The United States Forestry Service has asked the government of Ghana to be cautious with its plan to mine bauxite in one of the largest surviving rainforests in Ghana, the Atewa forest reserve.
The USFS which was providing technical consultation service to the government on the proposed project said: “there should be a comprehensive study of the costs and benefits of the plan, and development of a robust list of proven mitigation measures before any development takes place in Kibi.”
After various meetings with stakeholders including residents and traditional leaders within the Atewa enclave, the USFS said it is critical for the government to seriously evaluate other options including alternatives to mining in the forest.
In the report sighted by www.citinewsroom.com, the agency said mining in the forest could potentially have a significant and permanent impact on the forest reserve as well as water for over five million Ghanaians whose source of water is taken from the Atewa forest.
Among other things, the USFS recommended that the government provides the public with adequate information and also consult all stakeholders widely to ensure adequate support for the planned project before consideration is made for its execution.
“Development of the mining sites and associated downstream and side stream infrastructure will have substantial impacts on local communities, as well as those living in the Greater Accra region. It is critical that a robust stakeholder consultation process be conducted. It is recommended that the GoG preemptively provide public access to all information that is not proprietary. Transparency is key to ensure that relevant stakeholder groups are sufficiently apprised of the decision-making process, whatever is ultimately decided, and will also better ensure stakeholder buy-in to any future development,” the US Forest Service noted.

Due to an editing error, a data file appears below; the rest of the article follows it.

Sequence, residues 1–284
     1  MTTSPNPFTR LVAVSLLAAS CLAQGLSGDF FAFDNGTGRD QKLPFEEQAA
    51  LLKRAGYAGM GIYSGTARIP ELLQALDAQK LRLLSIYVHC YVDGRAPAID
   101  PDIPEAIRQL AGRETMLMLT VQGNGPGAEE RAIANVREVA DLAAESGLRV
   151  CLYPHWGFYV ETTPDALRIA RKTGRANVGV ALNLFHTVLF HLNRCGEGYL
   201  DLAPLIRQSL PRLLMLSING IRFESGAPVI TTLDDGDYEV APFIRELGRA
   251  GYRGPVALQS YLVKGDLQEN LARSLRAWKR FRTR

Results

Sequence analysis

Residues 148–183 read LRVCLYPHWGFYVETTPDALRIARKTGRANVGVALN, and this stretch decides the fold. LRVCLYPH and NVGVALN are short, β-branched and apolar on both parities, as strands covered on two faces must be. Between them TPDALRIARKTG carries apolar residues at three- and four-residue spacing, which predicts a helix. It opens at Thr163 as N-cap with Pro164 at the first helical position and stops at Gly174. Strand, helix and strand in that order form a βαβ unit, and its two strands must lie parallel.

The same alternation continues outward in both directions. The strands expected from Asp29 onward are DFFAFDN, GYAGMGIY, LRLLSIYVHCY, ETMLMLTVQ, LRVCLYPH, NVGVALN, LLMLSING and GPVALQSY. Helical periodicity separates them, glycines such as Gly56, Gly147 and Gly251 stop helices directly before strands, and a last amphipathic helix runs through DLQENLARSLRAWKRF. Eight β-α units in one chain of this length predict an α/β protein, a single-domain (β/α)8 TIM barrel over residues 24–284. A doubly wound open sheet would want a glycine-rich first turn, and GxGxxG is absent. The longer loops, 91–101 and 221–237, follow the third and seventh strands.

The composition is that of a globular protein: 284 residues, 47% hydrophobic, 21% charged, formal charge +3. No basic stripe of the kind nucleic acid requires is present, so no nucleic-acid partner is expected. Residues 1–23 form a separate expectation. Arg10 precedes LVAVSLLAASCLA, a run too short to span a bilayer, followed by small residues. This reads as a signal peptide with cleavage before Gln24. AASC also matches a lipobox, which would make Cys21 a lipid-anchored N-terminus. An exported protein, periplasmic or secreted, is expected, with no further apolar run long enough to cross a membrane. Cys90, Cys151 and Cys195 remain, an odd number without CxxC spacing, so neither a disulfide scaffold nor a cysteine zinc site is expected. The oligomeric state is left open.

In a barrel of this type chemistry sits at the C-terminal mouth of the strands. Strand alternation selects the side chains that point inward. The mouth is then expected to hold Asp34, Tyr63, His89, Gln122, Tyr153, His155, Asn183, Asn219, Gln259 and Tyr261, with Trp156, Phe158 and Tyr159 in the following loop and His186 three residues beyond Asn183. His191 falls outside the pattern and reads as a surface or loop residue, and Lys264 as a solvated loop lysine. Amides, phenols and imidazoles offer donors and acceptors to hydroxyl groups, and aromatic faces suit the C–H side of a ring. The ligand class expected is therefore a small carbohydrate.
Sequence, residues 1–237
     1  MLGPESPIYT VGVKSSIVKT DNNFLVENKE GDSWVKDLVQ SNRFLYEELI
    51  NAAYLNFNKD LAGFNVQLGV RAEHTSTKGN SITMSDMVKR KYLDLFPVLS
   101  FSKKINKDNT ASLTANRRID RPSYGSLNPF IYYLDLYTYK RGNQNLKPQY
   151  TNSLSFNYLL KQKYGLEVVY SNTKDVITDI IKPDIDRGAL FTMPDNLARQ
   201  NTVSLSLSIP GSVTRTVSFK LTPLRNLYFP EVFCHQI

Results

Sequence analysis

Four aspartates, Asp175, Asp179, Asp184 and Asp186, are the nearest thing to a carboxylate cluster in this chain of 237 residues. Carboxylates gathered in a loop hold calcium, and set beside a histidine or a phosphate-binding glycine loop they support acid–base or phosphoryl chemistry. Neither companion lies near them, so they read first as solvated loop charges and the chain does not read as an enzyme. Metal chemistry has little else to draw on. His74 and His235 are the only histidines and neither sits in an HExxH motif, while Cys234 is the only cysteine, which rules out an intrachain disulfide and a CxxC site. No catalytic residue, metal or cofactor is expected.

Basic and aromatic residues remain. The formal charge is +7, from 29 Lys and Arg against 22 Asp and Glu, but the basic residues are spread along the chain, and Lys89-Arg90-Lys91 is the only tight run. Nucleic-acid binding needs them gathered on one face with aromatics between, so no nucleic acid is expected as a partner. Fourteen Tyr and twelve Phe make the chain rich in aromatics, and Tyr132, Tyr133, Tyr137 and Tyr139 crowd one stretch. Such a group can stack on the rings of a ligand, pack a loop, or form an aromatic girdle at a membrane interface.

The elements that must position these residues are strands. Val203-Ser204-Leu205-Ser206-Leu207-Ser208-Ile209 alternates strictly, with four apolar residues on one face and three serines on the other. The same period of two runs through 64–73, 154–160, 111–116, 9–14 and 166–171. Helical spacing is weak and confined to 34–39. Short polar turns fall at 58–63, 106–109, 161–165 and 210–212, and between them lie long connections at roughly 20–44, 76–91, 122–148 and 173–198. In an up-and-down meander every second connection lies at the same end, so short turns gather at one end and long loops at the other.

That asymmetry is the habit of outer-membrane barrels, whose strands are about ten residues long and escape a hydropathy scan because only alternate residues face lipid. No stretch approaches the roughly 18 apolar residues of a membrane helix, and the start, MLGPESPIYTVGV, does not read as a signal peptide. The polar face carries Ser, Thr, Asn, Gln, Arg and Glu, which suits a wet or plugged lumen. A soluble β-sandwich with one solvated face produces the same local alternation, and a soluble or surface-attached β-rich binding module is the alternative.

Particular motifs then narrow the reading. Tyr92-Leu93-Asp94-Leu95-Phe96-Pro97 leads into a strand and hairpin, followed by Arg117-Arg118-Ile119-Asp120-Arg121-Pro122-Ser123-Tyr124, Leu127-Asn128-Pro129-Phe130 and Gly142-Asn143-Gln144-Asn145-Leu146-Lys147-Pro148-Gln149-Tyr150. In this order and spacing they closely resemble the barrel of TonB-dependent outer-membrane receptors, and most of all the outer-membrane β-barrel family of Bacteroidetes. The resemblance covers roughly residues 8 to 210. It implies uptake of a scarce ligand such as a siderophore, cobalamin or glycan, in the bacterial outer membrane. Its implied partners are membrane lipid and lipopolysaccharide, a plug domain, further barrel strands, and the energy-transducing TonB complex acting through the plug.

The Atewa forest reserve is one of the three areas being considered by the government for the mining of bauxite.
The other areas are Nyinahin and Awaso.
The newly created Ghana Integrated Aluminum Development Corporation (GIADEC) has been mandated to promote and develop an aluminium industry by expanding the value chain to include the mining of bauxite, as well as the refining, smelting, and marketing of finished products.
GAIDEC has estimated that the Nyinahin has about 750,000,0000 metric tonnes of bauxite reserve while Awaso has about 20,000,000 metric tonnes and the Atewa forest reserve has about 150,000,000 metric tonnes.
Several non-government organizations and environmental activists continue to campaign against the government’s intended action in the forest reserve which is considered a globally significant area in terms of biodiversity.
They argue that the negative impact of the mining activity on an animal, water and human life will be dire if the plan is carried out.